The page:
Right behind the middle of your cheek, in the area close to the ear, is the temporomandibular joint (TMJ). The TMJ connects your jawbone to the bones of your skull. This joint allows you to talk, yawn, and chew as it combines sliding motions with secure hinge actions.
To make the movements smooth, the bones involved are covered with cartilage. Furthermore, they are separated by a small disk that absorbs shock. As with any other body part, things can go wrong with the TMJ, resulting in a temporomandibular disorder, or TMD. In this article, we take a closer look at this bodily issue.
The symptoms of TMD often include any or all of the following:
- Pain or unexplained tenderness in the joint area. This sensation may also be felt in other places such as the neck, shoulders, and around the ear, especially when the joint is mobilized such as when you talk, eat, or yawn
- Swelling of the face, particularly in the area where the TMJ is located. This can happen on one or both sides
- Simple feeling of tiredness in the face can also be a symptom, especially in the early stages of the disorder
- Lockjaw, which leads to difficulties in opening or closing the mouth.
- Clicking of the joint may also be a symptom; however, if this is not associated with pain or any form of dysfunction, treatment may not be required.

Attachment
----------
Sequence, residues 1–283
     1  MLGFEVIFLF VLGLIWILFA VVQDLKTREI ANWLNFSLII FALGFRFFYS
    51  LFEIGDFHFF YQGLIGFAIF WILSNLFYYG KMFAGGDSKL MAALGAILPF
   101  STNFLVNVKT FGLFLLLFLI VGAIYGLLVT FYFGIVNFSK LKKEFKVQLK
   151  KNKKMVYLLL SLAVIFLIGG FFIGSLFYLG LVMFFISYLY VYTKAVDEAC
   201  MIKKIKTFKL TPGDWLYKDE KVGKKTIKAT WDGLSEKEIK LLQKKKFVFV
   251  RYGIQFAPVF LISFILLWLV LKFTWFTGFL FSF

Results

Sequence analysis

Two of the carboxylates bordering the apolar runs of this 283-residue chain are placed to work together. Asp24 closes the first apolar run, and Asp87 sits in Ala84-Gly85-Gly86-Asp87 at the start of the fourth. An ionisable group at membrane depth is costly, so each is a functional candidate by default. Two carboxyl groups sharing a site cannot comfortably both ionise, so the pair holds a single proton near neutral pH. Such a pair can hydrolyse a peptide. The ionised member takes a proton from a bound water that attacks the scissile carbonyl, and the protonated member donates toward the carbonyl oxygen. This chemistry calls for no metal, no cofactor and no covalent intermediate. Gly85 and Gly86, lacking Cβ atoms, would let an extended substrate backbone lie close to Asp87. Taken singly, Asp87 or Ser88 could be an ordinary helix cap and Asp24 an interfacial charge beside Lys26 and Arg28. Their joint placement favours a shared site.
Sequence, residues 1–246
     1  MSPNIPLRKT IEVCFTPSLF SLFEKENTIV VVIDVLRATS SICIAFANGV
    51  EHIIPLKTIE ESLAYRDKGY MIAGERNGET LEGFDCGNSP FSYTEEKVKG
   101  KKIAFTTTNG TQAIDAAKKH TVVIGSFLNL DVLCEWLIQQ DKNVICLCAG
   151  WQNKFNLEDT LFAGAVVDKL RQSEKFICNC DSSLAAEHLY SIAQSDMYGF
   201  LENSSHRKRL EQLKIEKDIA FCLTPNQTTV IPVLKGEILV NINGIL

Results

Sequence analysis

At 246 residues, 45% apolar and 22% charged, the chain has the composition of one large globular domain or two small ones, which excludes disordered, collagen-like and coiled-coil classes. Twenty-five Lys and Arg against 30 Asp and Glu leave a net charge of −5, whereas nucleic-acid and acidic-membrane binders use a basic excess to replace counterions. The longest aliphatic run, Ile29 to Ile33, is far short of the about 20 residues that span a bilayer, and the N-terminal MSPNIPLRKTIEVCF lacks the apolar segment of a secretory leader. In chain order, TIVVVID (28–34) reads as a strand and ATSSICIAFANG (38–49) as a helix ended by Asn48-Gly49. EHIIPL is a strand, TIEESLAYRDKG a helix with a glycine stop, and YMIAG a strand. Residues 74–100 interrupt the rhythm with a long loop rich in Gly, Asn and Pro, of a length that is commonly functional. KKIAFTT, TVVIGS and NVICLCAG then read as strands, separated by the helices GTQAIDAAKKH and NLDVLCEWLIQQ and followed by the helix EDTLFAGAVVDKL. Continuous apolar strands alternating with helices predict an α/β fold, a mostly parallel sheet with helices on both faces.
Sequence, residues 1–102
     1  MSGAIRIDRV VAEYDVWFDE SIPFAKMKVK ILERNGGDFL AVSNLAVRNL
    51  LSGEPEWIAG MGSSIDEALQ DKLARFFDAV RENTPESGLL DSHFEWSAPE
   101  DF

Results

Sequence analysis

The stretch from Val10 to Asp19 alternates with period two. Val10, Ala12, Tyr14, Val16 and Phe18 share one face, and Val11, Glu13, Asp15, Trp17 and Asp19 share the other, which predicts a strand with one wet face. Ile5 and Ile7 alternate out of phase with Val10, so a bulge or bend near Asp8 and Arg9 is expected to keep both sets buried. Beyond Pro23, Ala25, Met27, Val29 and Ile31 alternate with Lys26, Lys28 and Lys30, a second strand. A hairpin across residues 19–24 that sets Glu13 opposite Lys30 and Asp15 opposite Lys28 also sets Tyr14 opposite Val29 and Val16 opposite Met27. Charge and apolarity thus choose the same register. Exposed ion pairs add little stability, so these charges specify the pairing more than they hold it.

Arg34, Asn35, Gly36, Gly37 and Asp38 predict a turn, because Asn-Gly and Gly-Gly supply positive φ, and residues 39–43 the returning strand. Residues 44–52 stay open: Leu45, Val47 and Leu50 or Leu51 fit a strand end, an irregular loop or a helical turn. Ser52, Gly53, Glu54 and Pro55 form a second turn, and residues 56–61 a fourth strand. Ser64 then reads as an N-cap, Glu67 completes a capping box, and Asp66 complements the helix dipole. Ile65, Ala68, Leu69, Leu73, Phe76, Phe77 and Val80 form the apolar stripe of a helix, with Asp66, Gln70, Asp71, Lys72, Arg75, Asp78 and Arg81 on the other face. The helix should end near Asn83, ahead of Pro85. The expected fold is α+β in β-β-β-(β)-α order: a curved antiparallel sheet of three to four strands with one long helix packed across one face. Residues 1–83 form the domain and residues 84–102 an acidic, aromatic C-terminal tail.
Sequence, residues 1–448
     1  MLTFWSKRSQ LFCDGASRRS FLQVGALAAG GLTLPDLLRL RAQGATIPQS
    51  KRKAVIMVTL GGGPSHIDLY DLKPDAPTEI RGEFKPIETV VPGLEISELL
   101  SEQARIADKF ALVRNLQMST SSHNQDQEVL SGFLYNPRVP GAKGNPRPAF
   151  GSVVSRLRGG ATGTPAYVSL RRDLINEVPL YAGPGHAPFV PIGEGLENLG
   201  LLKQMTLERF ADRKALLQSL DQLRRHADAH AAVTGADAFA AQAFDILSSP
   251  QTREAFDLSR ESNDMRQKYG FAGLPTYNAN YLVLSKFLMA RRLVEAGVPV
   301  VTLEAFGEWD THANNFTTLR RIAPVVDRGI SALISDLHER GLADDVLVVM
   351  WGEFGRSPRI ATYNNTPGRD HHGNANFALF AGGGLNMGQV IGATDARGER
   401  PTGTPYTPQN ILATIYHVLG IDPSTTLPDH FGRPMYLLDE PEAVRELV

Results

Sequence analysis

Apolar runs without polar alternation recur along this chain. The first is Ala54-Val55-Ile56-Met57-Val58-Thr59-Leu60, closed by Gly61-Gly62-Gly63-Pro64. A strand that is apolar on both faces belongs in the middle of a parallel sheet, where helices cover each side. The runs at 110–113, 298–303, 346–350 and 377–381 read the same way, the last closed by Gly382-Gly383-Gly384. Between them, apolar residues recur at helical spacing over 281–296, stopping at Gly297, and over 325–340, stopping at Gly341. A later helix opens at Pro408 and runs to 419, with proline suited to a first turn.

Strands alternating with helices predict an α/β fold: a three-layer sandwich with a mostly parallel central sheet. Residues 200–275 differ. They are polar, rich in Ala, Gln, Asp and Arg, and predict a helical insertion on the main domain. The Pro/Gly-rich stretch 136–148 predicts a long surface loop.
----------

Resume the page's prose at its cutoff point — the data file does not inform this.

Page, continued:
Who do you consult?
When the pain and/or dysfunction caused by the TMD becomes unbearable or heavily disruptive, it’s time to get a nearby specialist to help treat you. Since TMD is not a commonly talked about issue, it’s understandable if you do not know yet whose services you are going to get. It should help to know that dentists who focus on TMJ are the right ones to call.
Most of the time, the causes of a TMD are not very easy to pinpoint. However, the following are some of the most commonly identified precedents:
- The TMJ has given in to pressure, especially from excessive and forceful clenching or grinding of teeth
- Arthritis has damaged the cartilage that covers the bones
- The disk that comes in between the bones has been eroded or dislodged because of trauma.
Given the causes that we listed above, the following are the factors that may put you at risk of developing a TMD:
- Sustained grinding of teeth, especially during sleep. Wearing mouthguards at night might help in stopping this involuntary behavior.
- Previous jaw injury.
- History or current arthritis diagnosis
- Diseases that weaken connective tissues
Besides seeing a medical professional specializing in TMDs, you can also seek relief through home remedies. To avoid further complicating the issue, you can go on a soft food diet. Soft food options that you can include in your menu are scrambled eggs, yogurt, oatmeal, and mashed potatoes. You don’t have to chew these foods forcefully, so consuming them puts significantly less pressure on your TMJ. You can also apply an ice pack or a warm towel on the joint. Doing this will provide at least temporary relief from pain.
A TMD is a rarely-discussed health issue, but this doesn’t make it any less serious or disruptive. It still pays to know stuff about so you would know how to react if a TMD strikes you or someone close to you.